This belief comes from the fact that cats can’t see in total darkness, instead, they can see their way around in low levels of light. That’s why they are mostly awake to hunt during dusk and dawn. Whether your cat is a complete night owl or a moonlight romantic might be up for debate, but their vision is not.

Vision can sound a bit complicated, but I’ll do my best to explain it quickly. So, what makes cat and human vision so different is the retina. It’s a layer of tissue at the back of the eye and it contains cells called photoreceptors. These guys convert light rays into electrical signals which our brain translates into the images we see.

There are two types of photoreceptor cells, the first are rods that are responsible for night vision and detecting brightness and shades of grey. The others are called cones, and they’re responsible for day vision and color perception. I’m sure you can guess which cells our cats have in abundance.

According to research our cats, “have a superior ability to see in the dark because of the high number of rods in their retina that are sensitive to dim light. As a result, cats can see using roughly one-sixth the amount light that people need.”

This great advantage also means that our kitties have a slightly wider peripheral field of 200 degrees, while humans have 180 degrees. And while they’re great at detecting motion, their vision isn’t as clear, they’re nearsighted and they can’t see the same amount of hues and color shades we can.

Now you might think why you need to know how your kitten’s eyes are working in order to make them happy. Well, Jeremy Long, one of the authors of Seeing Through the Eyes of a Cat explains that “Learning about an animal’s visual system is an important step in understanding how that type of animal perceives the world around them, and how they behave within it.”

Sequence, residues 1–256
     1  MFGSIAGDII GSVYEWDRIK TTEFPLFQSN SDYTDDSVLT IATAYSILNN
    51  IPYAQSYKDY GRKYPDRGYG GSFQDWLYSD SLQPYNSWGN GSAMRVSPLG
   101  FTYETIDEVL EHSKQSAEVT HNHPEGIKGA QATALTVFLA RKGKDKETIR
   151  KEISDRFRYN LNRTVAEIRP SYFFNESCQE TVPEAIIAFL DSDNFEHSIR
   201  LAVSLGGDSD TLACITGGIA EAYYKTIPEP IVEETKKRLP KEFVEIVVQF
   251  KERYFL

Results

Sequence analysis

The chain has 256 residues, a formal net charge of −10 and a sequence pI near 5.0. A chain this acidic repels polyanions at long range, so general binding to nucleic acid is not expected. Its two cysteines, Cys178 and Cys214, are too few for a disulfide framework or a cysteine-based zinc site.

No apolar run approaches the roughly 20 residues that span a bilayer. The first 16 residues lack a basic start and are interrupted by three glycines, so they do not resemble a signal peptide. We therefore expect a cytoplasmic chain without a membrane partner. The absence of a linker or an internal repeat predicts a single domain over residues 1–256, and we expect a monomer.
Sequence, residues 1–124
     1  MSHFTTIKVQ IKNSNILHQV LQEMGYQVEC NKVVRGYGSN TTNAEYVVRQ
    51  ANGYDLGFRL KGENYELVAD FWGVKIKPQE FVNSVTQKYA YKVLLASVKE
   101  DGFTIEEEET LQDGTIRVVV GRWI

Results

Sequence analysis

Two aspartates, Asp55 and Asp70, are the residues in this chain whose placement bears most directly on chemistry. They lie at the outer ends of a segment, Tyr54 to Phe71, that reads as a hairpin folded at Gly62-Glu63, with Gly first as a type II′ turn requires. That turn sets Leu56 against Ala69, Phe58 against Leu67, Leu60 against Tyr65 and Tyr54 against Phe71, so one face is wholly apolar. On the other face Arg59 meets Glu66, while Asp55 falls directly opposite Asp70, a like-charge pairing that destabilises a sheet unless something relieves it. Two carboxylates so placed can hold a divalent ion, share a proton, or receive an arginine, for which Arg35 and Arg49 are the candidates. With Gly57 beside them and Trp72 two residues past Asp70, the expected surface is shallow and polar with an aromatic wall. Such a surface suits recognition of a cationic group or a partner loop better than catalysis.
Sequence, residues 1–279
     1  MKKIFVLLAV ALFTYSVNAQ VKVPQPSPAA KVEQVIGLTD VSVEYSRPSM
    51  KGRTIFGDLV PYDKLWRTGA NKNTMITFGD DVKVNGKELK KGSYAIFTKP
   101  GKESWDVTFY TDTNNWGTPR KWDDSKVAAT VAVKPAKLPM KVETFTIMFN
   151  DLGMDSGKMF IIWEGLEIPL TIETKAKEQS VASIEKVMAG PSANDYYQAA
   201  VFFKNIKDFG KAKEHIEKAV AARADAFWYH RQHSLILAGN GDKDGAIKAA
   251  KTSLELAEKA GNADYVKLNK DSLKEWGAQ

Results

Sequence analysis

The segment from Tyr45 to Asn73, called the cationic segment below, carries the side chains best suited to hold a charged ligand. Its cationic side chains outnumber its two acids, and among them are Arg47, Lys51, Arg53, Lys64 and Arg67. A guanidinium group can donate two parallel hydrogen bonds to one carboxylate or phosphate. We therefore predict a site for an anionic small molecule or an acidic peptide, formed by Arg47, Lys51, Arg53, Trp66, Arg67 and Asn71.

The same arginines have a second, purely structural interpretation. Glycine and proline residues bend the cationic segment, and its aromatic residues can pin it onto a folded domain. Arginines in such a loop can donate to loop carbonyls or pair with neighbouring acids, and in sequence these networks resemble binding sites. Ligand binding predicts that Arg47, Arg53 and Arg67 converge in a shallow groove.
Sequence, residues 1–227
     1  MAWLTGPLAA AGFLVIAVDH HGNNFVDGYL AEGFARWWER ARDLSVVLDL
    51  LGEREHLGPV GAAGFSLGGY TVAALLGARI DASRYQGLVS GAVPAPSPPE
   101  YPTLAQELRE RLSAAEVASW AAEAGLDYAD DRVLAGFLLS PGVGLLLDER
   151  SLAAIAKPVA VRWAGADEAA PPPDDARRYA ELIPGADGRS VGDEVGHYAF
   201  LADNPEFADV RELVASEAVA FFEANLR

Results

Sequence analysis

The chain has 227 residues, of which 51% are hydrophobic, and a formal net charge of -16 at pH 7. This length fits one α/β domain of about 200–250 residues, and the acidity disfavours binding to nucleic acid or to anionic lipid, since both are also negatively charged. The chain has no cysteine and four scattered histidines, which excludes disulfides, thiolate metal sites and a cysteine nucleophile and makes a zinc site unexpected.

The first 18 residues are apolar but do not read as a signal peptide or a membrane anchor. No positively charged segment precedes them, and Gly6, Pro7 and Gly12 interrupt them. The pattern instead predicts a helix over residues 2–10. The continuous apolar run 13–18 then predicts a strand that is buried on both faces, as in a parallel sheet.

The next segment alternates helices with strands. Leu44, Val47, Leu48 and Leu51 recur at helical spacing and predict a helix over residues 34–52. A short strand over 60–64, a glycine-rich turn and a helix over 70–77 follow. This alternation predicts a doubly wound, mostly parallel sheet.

Do Kittens Need Light In The Dark?

Humans and cats alike have the pineal gland that receives information about whether it’s light or dark and it’s responsible for the production of the hormone melatonin. This hormone regulates wakefulness and it’s even used as a sleep aid for cats and dogs alike.

Having light when it should be dark instead, could cause issues with the production of melatonin. It could disrupt your kitten’s sleep, make them feel alert and uncomfortable, especially since most cats do sleep during the night and tend to play and explore their surroundings during dusk and dawn.

Some kittens as they grow will sync their sleeping patterns with their owners, while some will spend their night with play breaks in between their sleep. So, your kitten doesn’t really need light while it’s dark, and if you’re sleeping in the same room or/and bed I don’t think you’d like to have any light pointing its blazing eye on you!

Should I Leave A Light On For My Kitten At Night?